The public library in my young adulthood (think late 60s, early 70s) was a far more traditional place. I don't know if they offered classes of any kind at all - only books, magazines, and reference materials. The library had its role in an information scarce environment and filled it well. Today's best libraries, like the one at which Adult 101 classes are taught are filling non-traditional needs for a changing society. Very cool.

So how did I learn how to heat up a can of soup or change a fuse or check the oil in my car? In a nuclear family these things were just part of life. I learned from my parents, my grandparents, my friends. Many kids still learn adult behaviors in the same way, but it seems we have more kids who may not have this home support, necessitating the need for Adult 101 classes. More's the pity.

What other Adulting 101 skills should be added to the interesting curriculum above? (Feel free to suggest your own in the comment section.)

  • Healthy eating and life-long exercising
  • Calculating interest on loans and long-term savings
  • Participatory citizenship - voting, attending caucuses, communicating with legislators
  • Maintaining healthy interpersonal relationships
  • Discussing without arguing
  • Balancing one's work and family and self time
  • Understanding what research shows leads to life happiness

As Will Rogers suggests in the opening quote, there are things that cannot be taught, only learned through experience. There people who cannot be taught, only be given the opportunity and time to learn. But for many, libraries and schools who do offer classes in being an adult will be a blessing.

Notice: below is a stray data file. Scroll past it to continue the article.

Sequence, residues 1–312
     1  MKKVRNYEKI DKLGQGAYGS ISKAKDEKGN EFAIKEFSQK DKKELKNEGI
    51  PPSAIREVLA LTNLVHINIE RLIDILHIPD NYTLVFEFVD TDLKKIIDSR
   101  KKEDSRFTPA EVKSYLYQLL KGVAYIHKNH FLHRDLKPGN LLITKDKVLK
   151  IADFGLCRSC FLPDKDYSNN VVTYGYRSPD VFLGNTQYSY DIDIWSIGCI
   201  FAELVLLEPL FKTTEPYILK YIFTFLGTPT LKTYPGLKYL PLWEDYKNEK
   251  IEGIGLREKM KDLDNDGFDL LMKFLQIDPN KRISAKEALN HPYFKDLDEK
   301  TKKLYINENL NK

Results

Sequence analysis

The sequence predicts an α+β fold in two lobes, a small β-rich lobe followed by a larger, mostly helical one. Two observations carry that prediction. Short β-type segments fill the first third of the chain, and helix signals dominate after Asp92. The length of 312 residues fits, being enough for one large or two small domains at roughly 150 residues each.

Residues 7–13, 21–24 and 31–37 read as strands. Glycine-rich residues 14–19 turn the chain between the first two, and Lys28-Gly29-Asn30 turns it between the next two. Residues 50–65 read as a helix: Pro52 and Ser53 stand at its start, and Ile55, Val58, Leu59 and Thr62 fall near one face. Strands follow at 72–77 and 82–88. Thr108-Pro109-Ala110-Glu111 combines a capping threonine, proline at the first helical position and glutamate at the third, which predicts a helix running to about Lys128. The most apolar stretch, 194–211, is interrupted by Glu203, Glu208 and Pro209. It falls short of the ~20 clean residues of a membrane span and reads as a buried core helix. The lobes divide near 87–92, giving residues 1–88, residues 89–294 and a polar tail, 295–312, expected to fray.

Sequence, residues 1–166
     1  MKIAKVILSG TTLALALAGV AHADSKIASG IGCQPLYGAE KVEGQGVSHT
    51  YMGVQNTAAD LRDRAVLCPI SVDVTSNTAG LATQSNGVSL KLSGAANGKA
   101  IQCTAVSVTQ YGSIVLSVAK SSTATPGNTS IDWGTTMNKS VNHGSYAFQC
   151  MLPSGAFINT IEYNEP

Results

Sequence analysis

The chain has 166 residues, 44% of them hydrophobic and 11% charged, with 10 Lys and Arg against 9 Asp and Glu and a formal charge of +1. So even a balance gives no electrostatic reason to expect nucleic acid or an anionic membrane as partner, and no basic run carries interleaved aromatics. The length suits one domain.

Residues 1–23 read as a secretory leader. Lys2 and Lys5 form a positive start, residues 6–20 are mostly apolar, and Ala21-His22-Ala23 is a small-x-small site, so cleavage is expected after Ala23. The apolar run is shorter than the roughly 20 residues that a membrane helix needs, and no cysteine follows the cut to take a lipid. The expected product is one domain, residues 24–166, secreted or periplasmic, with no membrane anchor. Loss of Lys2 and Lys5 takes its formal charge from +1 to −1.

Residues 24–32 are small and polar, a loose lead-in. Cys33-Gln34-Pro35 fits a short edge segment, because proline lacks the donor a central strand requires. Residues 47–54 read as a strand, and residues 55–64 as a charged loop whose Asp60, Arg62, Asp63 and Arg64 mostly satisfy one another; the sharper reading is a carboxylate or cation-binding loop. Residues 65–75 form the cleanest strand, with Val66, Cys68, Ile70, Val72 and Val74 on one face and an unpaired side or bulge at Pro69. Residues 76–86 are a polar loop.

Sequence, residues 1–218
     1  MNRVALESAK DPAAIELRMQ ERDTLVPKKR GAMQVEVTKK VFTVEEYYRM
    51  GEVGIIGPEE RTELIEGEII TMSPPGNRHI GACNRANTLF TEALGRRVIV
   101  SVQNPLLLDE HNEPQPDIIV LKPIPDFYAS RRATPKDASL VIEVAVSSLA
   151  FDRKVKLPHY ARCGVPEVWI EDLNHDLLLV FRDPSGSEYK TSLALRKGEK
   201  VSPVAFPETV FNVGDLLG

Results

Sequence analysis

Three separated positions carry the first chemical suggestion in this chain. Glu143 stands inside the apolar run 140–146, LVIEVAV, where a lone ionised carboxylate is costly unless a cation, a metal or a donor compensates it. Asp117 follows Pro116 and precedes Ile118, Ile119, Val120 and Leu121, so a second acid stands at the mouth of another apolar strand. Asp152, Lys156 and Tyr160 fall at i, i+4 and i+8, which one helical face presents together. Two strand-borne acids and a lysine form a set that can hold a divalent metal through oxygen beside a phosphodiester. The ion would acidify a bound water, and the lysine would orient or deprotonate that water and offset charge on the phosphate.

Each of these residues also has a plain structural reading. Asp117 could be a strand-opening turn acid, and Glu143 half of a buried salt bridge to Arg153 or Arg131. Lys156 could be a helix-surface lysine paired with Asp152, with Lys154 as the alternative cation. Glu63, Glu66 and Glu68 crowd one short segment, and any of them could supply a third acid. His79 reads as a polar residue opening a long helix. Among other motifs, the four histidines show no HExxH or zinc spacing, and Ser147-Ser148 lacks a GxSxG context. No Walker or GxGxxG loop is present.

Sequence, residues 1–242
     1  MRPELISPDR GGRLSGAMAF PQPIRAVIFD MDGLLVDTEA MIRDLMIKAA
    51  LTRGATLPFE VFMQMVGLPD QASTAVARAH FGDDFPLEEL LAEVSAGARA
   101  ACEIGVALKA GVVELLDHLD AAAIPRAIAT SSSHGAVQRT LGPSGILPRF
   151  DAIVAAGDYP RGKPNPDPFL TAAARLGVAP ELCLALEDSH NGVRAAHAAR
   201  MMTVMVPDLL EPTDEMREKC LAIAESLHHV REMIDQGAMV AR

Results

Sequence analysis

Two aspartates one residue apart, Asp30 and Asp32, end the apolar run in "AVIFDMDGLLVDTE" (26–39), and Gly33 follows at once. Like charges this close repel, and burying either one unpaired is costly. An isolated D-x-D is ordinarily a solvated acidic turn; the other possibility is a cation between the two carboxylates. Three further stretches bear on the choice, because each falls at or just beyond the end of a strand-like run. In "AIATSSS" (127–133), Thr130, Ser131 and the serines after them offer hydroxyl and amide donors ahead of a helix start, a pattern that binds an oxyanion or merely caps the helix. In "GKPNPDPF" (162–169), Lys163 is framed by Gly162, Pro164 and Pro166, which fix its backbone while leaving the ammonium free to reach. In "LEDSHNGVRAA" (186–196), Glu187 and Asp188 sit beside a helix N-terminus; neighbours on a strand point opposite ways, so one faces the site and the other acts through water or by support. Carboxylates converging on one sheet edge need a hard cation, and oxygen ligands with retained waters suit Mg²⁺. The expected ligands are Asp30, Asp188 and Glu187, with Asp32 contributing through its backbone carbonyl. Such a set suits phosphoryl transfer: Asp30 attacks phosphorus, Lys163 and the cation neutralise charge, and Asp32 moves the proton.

I hope the practicalities of adult living are a growing part of both library and school classes.


The broader the audience, the greater the care

Many years ago, I received a phone call late on a Saturday night. It was from an eight grade girl who had been creating a webpage on a WWII local veteran as part of an oral history unit for a class. She'd been looking at the page she and a partner had composed and discovered something terrible.

Mr. Johnson! There is a spelling error on Dr. Heinmark's page. Can you help me correct it right away? If he sees it, I will be so embarrassed!

It was the first time in 30 years of teaching I actually heard dismay about spelling from a student. And the experience taught me the power of a audience to raise the level of concern about the quality of one's work.

While I know exceptions exist, I really don't think most kids care a lot about their teachers' opinions of their work except as related to a grade or satisfaction of a course requirement. Or maybe I should say, students care a lot more about what their peers and families think about their work. Or even the general public.

It's hard to remember a time before social media when sharing ideas in written, visual, or aural form was a real challenge. The WWII pages created in the early 2000s had to be uploaded by library and tech staff, not by students themselves. GoogleDocs, SeeSaw, Instagram and common "sharing" tools today did not exist so making student work public by publishing it online was a deliberate (and pioneering) effort.

Establishing an audience that is broader than the classroom teacher still requires effort - just different effort. Teachers need to:

  • Analyze student privacy needs and share carefully.
  • Link student work to caring audiences (parents, peer groups in other schools, etc).
  • Consider the challenges and possibilites of cross-cultural sharing.

Writers write to be read. Writers understand that to be understood, their writing must be clear and compelling and as free of errors as possible.

A responsive audience helps raise student concern and care about the quality of their communications.